Shopper Marketing | Is shopper marketing dead?

6 min read
Aug 30, 2018 12:00:00 AM

As a passionate shopper marketer, the question ‘is shopper marketing dead’ may seem odd (unless I’m trying to put myself out of a job). After all, I’ve specialised in shopper marketing for over 8 years whilst client-side, have spoken at conferences about the need for shopper marketing, and now work with clients all over the world to help them develop their shopper marketing strategy and capability. So, why then, am I asking?

First, some context; at OxfordSM many of our clients ask us to help “embed shopper in our business”, or to “make the case for shopper marketing”, which are, of course, entirely valid requests. Many organisations have historically either been consumer marketing or sales-led, with shopper marketing the vehicle through which to sell in what these teams needed to happen in-store. Therefore, any attempt to redress this balance, and bring shopper marketing into the planning process in a more strategic way would be a significant step forward from where they are now.

However, will it be enough of a step forward? As I work with more and more businesses, and as brands move increasingly to being more purpose-driven, I’m starting to wonder whether we still need shopper marketing, or whether the existence of shopper marketing is actually part of the problem?

Experience-driven growth

We’ve seen and helped many leading service businesses adopt experience-led marketing as the core of their approach, resulting in disproportionate sales growth. CPG businesses are increasingly starting to see the benefits of this approach, but it’s not something that can be done with the existing structures and siloed ways of working; it requires a fundamental change in how an organisation goes to market.

What is experience-led marketing?

But what do we mean by experience-led marketing? This means that by truly seeing the full experiences of our consumers, shoppers, and other stakeholders, we can understand how to use each relevant touchpoint along the whole journey. We can then create joined-up experiences that move people along the journey more effectively because the brand, or service, speaks to them in relevant ways and times in the right places. But who are we targeting – consumers, or shoppers? Well, the answer here has to be “people”. By thinking across the whole journey, companies are able to see where the issues and opportunities are, irrespective of which stakeholder we are talking about, really invest in those, and work to join up the entire journey…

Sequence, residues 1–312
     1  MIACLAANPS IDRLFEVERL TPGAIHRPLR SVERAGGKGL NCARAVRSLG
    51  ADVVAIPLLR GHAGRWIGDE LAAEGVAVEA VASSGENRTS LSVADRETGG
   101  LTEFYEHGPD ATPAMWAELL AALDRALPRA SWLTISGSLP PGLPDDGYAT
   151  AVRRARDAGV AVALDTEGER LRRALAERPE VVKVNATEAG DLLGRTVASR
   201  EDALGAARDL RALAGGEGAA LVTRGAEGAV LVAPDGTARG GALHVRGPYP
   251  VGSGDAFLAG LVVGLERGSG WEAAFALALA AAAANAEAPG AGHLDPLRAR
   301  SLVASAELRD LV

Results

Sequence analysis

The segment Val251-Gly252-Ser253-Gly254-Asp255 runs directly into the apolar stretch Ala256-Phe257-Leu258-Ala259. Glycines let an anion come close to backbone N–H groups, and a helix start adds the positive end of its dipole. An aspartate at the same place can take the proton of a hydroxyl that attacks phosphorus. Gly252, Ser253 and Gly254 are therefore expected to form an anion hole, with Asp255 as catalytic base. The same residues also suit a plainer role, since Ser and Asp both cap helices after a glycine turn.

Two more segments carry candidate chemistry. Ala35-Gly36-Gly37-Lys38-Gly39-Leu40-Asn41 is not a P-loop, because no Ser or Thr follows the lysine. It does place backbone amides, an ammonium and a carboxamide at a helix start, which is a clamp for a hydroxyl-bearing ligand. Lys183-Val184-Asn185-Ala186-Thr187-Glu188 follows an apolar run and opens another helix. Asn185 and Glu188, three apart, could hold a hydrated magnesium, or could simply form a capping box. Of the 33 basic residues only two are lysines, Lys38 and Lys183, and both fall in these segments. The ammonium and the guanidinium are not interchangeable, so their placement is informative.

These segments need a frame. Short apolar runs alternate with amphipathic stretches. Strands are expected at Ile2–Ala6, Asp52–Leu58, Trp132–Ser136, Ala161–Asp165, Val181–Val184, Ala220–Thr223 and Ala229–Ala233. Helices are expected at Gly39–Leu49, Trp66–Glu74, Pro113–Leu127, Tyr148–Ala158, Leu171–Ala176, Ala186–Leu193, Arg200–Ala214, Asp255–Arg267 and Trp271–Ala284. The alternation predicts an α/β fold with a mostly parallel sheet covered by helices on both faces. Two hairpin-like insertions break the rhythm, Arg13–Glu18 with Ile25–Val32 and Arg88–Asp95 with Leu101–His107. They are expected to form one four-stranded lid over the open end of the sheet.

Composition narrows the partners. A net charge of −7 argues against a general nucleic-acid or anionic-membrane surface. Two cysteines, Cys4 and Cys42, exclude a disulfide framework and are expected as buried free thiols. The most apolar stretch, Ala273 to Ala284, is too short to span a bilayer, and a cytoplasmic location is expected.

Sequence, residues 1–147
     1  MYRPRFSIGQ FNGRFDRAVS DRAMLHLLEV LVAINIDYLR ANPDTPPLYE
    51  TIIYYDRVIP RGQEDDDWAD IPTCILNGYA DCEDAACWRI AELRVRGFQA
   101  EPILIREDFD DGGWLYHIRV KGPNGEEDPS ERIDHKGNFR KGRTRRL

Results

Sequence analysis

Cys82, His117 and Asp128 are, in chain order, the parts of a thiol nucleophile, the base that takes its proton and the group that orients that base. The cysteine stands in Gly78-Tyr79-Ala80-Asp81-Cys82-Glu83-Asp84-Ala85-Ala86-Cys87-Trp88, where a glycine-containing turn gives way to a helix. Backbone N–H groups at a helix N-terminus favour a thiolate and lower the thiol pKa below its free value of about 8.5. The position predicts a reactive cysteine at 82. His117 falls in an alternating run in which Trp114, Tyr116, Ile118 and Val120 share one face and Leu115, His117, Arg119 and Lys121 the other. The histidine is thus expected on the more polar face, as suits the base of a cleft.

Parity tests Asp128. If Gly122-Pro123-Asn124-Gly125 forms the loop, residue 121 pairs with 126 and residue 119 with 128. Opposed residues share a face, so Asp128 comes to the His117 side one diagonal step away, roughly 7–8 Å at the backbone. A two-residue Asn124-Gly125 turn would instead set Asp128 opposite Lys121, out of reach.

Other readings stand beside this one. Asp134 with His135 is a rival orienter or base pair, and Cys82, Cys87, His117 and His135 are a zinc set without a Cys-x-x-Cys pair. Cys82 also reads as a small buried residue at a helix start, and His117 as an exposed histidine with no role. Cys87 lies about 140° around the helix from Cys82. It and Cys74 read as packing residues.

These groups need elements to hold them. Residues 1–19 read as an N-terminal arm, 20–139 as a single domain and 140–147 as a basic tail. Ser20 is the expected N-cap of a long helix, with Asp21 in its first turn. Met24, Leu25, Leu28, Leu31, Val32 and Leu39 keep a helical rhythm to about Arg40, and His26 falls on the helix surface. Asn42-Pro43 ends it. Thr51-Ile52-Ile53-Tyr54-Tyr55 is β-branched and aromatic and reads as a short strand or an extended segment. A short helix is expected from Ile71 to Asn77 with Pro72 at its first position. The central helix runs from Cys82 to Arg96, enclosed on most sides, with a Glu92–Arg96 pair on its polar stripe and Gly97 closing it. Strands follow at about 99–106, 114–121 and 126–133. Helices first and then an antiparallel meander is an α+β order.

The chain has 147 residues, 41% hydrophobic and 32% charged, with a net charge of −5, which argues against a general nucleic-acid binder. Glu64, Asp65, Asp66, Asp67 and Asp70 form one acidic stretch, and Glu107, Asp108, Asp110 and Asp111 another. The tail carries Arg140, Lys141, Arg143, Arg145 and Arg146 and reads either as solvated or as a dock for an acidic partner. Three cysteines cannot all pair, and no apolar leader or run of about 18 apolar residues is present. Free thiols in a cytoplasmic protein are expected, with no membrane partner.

"Who are we targeting – consumers, or shoppers? Well the answer here has to be "people""

Don’t just do what you’ve always done

For example, in 2016 Domino’s Pizza was in decline, so initially planned to do what they always had to drive sales… more TV ads. However, by looking across the whole experience journey, they were able to identify that the issues were the pizza (so they improved the recipe) and the act of ordering the pizza, so they developed “push for pizza” where people were able to order from their phone via the Domino’s app with one push of a button. Domino’s now has more than $2billion of sales from online each year, showing that focusing on the experience, rather than ‘doing what you’ve always done’ really works.

A seamless experience journey matters

So, if we’re really trying to market along the whole experience journey, thinking of “consumers” and “shoppers”, and by extension the “consumer journey” or the “shopper journey” no longer works. Disjointed working practices will lead to a disjointed experience journey, and it’s a seamless journey that makes a difference with people. And what does that mean for structures and ways of working?

Stage and gate processes no longer work

Often these days, CPG innovation and activation are developed according to a typical “stage and gate” process, where teams do their bit, and then pass it on to the next team in the chain, in exactly the same way Henry Ford built the Model T all those years ago. And like the Model T did, this approach will get results, but will deliver a formulaic experience, rather than one that stands out in any way.